Imagine, for a moment, that you are Kendrick Lamar back in 2015.
Three years beforehand, you broke into the mainstream by releasing “Good Kid, M.A.A.D City,” bearing each and every scar from your adolescence for the world to see. In the years that followed, you worked tirelessly to release a follow-up, using everything from police killings to Nelson Mandela for inspiration. Your finished product, “To Pimp a Butterfly,” is hailed as “The Great American Hip-Hop Album” by Spin, measuring the pain of Black America while carrying an unwavering message of positivity, faith and love. Fame and fortune be damned, you are truly trying to change the world.
Now imagine watching Fox News correspondent Geraldo Rivera and company say your music has done more damage to your community than racism. Imagine watching the same country you tried to reach elect a reality TV star as president.
Yeah, you would be pissed off too.
As an artist, Kendrick has never sounded as confident as he does on “DAMN,” his fourth studio album and third under his record label, Aftermath Entertainment. But don’t mistake his straightforward delivery and Mike Will Made It-produced beats for swagger. “DNA” and “HUMBLE” are the only tracks on the album where Kendrick really delves into braggadocio—mostly for the sheer indulgent joy of running laps around his critics and competition. No, the confidence on “DAMN” is born of weary indifference, not arrogance.
Call it cynicism or call it maturity, but Kendrick is done trying to save the Titanic. Nowadays, he’d rather just sit on top of the iceberg and flip it off while the whole thing goes under.
Everything about this album, from the bleak-eyed cover photo to the anxious lyrics of tracks like “YAH” and “FEEL,” sheds light on Kendrick’s inner thoughts to a degree never seen before in his discography. While he’s secure in his spot on hip-hop’s throne, mentally, “DAMN” hints at a man beset by demons, coming completely undone. Even the pace of his delivery is slower than what we’ve grown accustomed to from the Compton native. Tellingly, the only time Kendrick really speeds up his flow is when he’s expressing anger.
Kendrick’s Christian faith plays first fiddle on “DAMN” more than ever before. In more ways than one, the album seems like the dark counterpart to Chance the Rapper’s 2016 masterpiece “Coloring Book,” substituting austere synths for joyous choirs, damnation for redemption. Throw in the chaotic shifts of songs like “XXX,” which features U2 in a rare moment of calm, and we’re left with an album that sounds like a crumbling church.
“DAMN” is loaded with Biblical references—both subtle and overt—at such high density that it’s hard to keep track of them all. These aren’t happy stories Kendrick is alluding to; he pulls his subject matter from the Binding of Isaac, the Plagues of Egypt and the Apocalypse. As a reference point, it’s important to keep in mind that we’re dealing with an artist who truly believes the end is near.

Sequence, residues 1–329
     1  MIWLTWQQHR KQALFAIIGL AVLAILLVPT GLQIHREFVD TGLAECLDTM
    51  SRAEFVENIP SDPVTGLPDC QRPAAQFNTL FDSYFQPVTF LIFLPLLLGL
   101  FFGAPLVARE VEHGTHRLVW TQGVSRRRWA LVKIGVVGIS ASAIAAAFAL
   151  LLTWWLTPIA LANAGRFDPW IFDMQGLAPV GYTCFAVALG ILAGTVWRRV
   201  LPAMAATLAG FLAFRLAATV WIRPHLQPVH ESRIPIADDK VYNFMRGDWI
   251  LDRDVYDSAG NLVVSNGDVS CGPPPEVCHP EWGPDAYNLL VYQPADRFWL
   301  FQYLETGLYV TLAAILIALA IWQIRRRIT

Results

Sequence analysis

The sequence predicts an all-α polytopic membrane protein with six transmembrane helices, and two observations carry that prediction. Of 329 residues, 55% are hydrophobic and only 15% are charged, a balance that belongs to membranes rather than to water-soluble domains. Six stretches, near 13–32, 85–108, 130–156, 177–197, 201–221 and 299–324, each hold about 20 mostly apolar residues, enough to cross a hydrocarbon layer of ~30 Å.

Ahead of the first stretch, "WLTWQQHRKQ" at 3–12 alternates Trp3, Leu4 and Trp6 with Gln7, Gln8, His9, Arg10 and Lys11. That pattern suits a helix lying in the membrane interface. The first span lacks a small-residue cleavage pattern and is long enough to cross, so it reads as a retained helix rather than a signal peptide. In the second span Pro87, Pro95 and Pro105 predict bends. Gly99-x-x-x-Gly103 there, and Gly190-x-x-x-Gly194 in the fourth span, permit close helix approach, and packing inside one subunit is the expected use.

The album’s every word and note all lead to “FEAR,” the album’s climax and spiritual keystone. The seven-minute track details Kendrick’s innermost thoughts in three separate stages, representing the rapper’s outlook as a child, a teenager and an adult. His depression and anxiety take root in the fear of his mother’s abuse, maturing in his adolescence as he openly worries about being shot by the police or written off as an anonymous gang killing. At 27, fame and fortune leave Kendrick no more serene. He finds himself plagued by the fear of losing it all, wondering “is God playing a joke on me?”
A phone call from Kendrick’s cousin Carl Duckworth bookends “FEAR” with a solution. While quoting a passage from the Book of Deuteronomy, Kendrick’s cousin tells him that he and his people have strayed from their true identity as a lost tribe of Israel, and his anguish won’t stop until he returns to the Ten Commandments.
In a way, Carl’s monologue sheds a light on the whole album. Looking back at “DAMN” from Kendrick’s Christian perspective, the album plays like a laundry list of the Seven Deadly Sins, even opening with the questions, “Is it wickedness? Is it weakness?” Kendrick never gives us a straight answer, leaving the final conclusion to his listeners as he shifts between both points of view on a track-by-track basis.
Kendrick’s greatest talent has always been his storytelling; waiting so long to show his hand was a stroke of genius in the truest sense. “DAMN” isn’t as forthcoming with its premise as “To Pimp a Butterfly” or “Good Kid, M.A.A.D. City” or “Section.80,” but that subtlety is a sign of just how much Kendrick has matured over his career. Ultimately, “DAMN” is an album of contradictions: shallow on its surface, deep in its substance yet confident in its message of doubt.
As strange as it may seem, Kendrick has never sounded more like himself. His place on rap’s Mount Rushmore is secure, whether he wants it or not.